The RAFAEL Armament Development Authority Ltd. was selected by Defense Minister Amir Peretz on
Thursday to develop a system for intercepting short-range rockets.
Peretz's decision, which followed several months of deliberations, is part of Israel's response to the Qassams that are being launched at Israel from the Gaza Strip and to more advanced rockets such as the Katyushas at the northern border.
Defense Ministry Director-General and soon to be IDF chief of staff Gabi Ashkenazi has been managing all research in the matter and, together with a special team, scrutinized dozens of suggestions.
Ashkenazi's team analyzed the systems' abilities to intercept rockets, the time they would require for development and their costs.
"Israel requires an additional security layer for the home front that will allow for more political freedom and provide more security for the population," Peretz said.
Head of the Sha'ar HaNegev Regional Council Alon Shuster expressed concern and said: "The meaning of this decision is that for at least the next three years, tens of thousands of Gaza vicinity communities and Sderot inhabitants will not be safe. It seams that the choice was made with economize the project in mind and not concern for the well being of the citizens."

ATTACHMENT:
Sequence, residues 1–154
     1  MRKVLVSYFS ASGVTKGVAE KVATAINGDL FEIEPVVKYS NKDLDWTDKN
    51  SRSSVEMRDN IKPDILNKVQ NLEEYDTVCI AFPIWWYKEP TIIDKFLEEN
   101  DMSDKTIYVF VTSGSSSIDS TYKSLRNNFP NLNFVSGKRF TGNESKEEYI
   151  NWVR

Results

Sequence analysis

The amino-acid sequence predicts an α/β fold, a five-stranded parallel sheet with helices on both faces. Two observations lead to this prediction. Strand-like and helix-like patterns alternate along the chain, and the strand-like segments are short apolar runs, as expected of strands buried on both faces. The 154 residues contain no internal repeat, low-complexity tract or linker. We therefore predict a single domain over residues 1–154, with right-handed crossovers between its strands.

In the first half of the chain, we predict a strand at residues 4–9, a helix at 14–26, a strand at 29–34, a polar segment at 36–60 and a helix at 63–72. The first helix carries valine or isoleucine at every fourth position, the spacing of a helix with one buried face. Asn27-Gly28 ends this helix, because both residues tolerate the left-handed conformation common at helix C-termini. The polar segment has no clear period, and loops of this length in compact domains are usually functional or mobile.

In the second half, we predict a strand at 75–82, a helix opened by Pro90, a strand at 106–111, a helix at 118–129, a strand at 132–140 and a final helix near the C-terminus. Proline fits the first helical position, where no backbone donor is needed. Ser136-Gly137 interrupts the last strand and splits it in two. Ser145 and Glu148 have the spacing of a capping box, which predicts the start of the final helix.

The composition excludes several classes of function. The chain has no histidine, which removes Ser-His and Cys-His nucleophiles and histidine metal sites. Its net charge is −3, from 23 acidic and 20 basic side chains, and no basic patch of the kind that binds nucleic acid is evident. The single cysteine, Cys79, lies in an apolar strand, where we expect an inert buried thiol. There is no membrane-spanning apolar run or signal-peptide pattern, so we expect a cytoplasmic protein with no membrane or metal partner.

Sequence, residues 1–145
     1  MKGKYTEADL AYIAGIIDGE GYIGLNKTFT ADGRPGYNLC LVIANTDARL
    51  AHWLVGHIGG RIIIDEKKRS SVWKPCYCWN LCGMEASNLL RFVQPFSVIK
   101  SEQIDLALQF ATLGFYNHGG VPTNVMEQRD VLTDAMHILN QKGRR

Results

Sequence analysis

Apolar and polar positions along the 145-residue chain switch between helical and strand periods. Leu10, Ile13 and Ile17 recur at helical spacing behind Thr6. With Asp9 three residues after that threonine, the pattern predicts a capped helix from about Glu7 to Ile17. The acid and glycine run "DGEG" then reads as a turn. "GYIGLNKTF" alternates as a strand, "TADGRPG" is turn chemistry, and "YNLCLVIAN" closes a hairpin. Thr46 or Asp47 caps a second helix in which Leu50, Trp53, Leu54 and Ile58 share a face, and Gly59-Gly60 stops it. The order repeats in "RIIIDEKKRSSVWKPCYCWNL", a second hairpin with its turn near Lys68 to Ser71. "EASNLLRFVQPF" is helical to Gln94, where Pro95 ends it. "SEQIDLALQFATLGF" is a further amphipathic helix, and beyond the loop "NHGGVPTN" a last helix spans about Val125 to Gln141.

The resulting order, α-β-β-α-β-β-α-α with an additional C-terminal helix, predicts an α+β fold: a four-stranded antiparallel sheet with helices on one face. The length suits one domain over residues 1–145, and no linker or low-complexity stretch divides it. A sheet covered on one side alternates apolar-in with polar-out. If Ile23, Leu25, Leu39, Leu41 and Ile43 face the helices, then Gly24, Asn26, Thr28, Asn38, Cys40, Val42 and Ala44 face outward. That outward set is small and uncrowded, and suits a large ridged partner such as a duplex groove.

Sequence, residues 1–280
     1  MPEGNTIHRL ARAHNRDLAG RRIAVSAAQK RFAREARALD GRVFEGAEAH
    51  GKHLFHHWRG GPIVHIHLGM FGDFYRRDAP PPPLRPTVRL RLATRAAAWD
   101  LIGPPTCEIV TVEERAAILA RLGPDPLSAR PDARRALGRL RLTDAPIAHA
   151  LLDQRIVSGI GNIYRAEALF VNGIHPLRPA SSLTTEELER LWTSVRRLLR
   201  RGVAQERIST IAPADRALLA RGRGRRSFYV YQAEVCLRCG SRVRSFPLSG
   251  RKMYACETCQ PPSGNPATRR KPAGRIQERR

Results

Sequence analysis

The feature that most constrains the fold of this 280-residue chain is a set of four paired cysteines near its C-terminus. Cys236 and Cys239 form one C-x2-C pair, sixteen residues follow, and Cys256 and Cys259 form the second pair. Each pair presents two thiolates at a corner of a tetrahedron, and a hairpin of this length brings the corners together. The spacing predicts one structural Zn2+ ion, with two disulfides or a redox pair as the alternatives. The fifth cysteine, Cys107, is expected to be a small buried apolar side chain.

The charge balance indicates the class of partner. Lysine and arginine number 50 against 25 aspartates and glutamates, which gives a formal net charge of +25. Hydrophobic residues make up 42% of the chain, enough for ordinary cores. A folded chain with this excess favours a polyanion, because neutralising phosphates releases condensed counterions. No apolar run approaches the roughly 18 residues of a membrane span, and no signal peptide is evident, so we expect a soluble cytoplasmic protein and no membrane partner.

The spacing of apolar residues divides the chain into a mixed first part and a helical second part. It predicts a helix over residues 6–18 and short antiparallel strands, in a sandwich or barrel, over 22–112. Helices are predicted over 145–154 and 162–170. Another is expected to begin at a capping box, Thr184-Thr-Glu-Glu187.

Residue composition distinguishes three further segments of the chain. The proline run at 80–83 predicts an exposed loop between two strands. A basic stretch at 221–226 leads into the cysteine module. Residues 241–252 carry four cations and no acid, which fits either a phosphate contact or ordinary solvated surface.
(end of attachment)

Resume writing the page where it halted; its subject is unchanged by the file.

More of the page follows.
On the other hand, Sderot applauded the decision. "Better late than never," said Alon Davidi, who leads the campaign against the government's handling of the situation in Sderot.
"The fact that it will be three years before the system is operative means that the IDF must operate deep in the Palestinian territories in order to ensure that we are safe in the meantime," he said.
The project, dubbed Iron Dome, will provide the solution required for the short-range rockets and will be developed by RAFAEL in collaboration with ELTA Systems, a subsidiary of the Israel Aerospace Industry.
Rafael will develop the rocket and the interception system, and ELTA will work on the designated radar system (already in its final stages of development). The cost of an interception rocket will be USD 35-50,000.
The major drawback of the system is that it does not provide a solution for mid-range rockets. Its key advantage is that the development will be relatively inexpensive. This factor is important as the system will have to deal with large barrages of dozens and even hundreds of Qassams and Katyushas.
Israel Military Industries proposed a system with an interception rocket that was cheaper than the other options; however it would take longer to develop than Iron Dome.
The decision made on Thursday is a strategic milestone. If Israel succeeds in finding a solution for the short-rang rockets launched, even if it is only a partial solution, it will bring about a shift in the balance of power between Israel and the terrorists and radical Islam operating against it.
Not only will the population be better protected from Katyushas and bigger Syrian rockets in the North and Qassams in the Negev, but Israel will regain the political freedom that it lost due to the rocket threat.
Efrat Weiss contributed to the report